Tom Cotton Opponent Moves Closer to Ballot Access

Independent Challenger Dan Whitfield Says Arkansans Deserve a Choice on Election Day

​Incumbent U.S. Junior Senator Tom Cotton (R-Arkansas) successfully eliminated a Democratic opponent in this year's race. But the campaign by Independent challenger Dan Whitfield has been building momentum and has made significant progress towards earning a spot on the ballot to challenge Cotton on Nov. 3. On Monday, the Eighth Court Circuit assigned a case number for the appeal in the ongoing battle for ballot access in the Arkansas Senate Race.  

On June 24, U.S. District Judge Kristine Baker denied a preliminary injunction. The ruling allows Independent Candidate Dan Whitfield to move forward with the appeal process and secure a spot on the November ballot. The ruling stated, “The Court concludes that the plaintiffs have sufficiently demonstrated their standing to pursue declaratory and injunctive relief.”     

The issue of candidacy and ballot access in Arkansas has unfolded dramatically, if not quietly, over the course of several months. In late 2019 a memo written by Tom Cotton campaign manager Brian Colas and addressed to “Senator Cotton’s Top supporters” detailed a plan to hold onto “damaging material”  they had gathered on the democratic candidate and “release the information after it was too late for anyone else to enter the race.” 

The Democratic challenger Josh Mahony dropped out of the race two hours after having filed, leaving Cotton without a major party opponent in what is shaping up to be one of the most important elections in American history. 

Mr. Whitfield, who reports a significant following for his grassroots campaign, holds that the coronavirus outbreak had impacted the ability of candidates to gain ballot access. Whitfield was able to collect 6,514 signatures, of which 5,954 were valid, while losing 60% of the collection period due to Governor Hutchinson’s orders of the state declaring a state emergency. These orders of the state enacted social distancing policies and banned gatherings of 10 or more people.  Several significant "petition parties" had been planned to achieve the signature goals, which had to be canceled due to the Governor's orders. Still, the Whitfield achievement of 6,514 signatures obtained during a very short collections window is impressive, especially in that over 98% of all signatures were obtained through unpaid volunteers, and not from paid collectors. 

Regarding the appeal, Mr. Whitfield has stated “This is actually the best possible outcome for the people of Arkansas and our campaign. If Judge Baker had granted the preliminary injunction, the Secretary of State would have appealed. With this ruling, we get the opportunity to present our case to the 8th Circuit and win our ballot access without interference from Secretary Thurston or the Attorney General. They tried to claim that orders from the state did not directly affect our efforts, but the fact is COVID-19 and the governor’s instructions did impact our ability to get signatures. Judge Baker’s ruling states as much.”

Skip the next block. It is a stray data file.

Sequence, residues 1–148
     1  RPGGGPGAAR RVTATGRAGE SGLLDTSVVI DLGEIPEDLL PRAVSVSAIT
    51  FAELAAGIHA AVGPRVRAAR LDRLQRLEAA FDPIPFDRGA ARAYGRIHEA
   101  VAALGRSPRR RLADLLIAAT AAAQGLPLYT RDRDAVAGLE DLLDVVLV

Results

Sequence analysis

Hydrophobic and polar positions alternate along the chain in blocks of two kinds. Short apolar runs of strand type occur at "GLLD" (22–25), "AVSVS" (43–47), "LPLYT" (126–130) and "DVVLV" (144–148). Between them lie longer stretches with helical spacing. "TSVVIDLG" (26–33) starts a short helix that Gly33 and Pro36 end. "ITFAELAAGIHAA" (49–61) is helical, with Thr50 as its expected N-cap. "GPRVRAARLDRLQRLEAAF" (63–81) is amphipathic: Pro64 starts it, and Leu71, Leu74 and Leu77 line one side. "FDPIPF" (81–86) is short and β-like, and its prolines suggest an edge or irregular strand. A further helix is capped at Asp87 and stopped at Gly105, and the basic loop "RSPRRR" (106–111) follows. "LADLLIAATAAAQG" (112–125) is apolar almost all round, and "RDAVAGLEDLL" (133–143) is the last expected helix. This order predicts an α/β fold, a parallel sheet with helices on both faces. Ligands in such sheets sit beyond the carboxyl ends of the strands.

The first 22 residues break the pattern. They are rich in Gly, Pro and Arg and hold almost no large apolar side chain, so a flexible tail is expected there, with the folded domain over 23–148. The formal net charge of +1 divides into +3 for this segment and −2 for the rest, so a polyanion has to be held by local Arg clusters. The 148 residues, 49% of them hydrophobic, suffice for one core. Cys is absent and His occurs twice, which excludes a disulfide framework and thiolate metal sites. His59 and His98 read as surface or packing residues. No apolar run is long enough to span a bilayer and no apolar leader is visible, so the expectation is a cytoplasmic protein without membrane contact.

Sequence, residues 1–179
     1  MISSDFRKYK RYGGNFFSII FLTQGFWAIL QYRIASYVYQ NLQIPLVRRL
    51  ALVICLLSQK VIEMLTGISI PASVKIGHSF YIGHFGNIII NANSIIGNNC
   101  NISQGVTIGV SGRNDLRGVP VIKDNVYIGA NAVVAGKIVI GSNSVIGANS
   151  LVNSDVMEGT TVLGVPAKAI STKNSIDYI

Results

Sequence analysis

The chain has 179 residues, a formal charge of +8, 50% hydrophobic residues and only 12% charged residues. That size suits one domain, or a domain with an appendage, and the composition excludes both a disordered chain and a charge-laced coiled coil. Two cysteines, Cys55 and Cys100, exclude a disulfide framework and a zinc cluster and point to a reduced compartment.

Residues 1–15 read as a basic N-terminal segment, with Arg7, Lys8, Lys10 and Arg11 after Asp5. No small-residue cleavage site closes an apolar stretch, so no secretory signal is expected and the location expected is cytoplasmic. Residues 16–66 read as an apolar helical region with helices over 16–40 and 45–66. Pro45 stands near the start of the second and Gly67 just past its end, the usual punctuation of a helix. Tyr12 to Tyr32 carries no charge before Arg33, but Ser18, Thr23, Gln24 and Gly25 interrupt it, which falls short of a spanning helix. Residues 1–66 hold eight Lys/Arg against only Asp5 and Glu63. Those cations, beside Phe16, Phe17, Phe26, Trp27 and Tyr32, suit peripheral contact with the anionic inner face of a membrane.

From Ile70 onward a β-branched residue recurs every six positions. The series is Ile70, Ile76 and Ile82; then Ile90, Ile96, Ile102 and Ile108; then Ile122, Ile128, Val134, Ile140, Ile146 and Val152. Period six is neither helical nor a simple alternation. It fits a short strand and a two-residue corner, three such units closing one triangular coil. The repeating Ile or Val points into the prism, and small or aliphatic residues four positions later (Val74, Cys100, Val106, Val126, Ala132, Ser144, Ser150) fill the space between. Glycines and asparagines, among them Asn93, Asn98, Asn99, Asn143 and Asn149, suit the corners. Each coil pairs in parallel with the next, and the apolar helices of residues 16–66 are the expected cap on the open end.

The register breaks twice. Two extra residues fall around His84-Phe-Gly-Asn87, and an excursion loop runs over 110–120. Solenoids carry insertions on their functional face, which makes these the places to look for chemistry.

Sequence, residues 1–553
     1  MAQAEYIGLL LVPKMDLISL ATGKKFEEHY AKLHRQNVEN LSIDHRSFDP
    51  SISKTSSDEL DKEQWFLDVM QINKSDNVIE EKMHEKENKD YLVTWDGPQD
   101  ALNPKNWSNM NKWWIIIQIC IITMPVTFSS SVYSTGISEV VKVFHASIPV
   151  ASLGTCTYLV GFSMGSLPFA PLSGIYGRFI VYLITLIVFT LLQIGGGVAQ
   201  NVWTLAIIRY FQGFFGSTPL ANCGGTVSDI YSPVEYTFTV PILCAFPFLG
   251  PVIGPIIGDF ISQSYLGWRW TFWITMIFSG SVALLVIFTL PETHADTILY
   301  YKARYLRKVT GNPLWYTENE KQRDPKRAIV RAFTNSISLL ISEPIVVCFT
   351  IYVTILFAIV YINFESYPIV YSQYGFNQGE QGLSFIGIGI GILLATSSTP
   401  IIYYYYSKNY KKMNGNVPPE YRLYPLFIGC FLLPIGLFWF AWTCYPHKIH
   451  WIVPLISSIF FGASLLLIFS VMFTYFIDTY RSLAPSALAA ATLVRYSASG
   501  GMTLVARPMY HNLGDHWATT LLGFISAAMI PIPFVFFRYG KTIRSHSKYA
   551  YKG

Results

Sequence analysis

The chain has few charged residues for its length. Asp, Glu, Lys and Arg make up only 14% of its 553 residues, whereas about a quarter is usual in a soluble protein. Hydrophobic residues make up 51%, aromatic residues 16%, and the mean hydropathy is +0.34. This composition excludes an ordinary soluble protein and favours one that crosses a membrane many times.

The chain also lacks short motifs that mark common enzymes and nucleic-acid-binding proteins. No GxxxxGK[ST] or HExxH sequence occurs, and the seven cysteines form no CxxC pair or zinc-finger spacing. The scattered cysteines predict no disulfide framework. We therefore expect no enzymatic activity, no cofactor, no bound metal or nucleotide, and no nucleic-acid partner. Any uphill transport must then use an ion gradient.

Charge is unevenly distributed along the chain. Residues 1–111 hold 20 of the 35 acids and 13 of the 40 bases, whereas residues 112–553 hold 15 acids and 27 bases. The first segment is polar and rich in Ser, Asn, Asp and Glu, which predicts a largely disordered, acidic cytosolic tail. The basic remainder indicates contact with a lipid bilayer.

At the hearing conducted on May 27, 2020, the Secretary of State was represented by several individuals from the Attorney General’s office who argued the state’s COVID-19 response did not represent a challenge in gathering the required signatures despite the Governor’s stay at home orders, even suggesting that if the campaign was serious it could have spent upwards of $80,000 for paid canvassers to collect signatures. Local paid canvassing companies were closed due to COVID-19.

Whitfield goes on to say, “It’s obvious that the people have had enough, we will win our appeal, and the people of Arkansas will have a choice.”

Judge Baker’s ruling states, “the Court determines that the pandemic and the State’s response to it hindered Mr. Whitfield(s) efforts to collect successfully all qualifying signatures…”

Secretary Thurston has been the subject of several complaints and lawsuits involving ballot access, many of which were referenced in the ruling. The lawsuits involved candidates outside the Republican party, which has led to questions of attempted ballot and voter suppression. Judge Baker’s ruling also noted “enjoining Secretary Thurston from continued application of the requirements plaintiffs argue are unconstitutional is likely to redress the injuries.” 

By preventing Secretary Thurston from interfering any further in this case, it all but assures Dan Whitfield ballot access to run against Junior Senator Cotton in November. The people of Arkansas will have a choice.

Case Documentation: https://danwhitcongress.us/ballot-access

Source: Dan Whitfield for U.S. Senate

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Categories: Politics

Tags: Candidates, Legislation, Politics, Senate, Tom Cotton


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About Dan Whitfield for U.S. Senate

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The voters of Arkansas deserve and demand a choice for U.S. Senate this November. Dan Whitfield is the independent challenger to incumbent senator Tom Cotton, and he pledges to work for the people of Arkansas and not bow to the big donor demands.

Dan Whitfield for U.S. Senate
P.O. Box 5099
Bella Vista, AR 72714
United States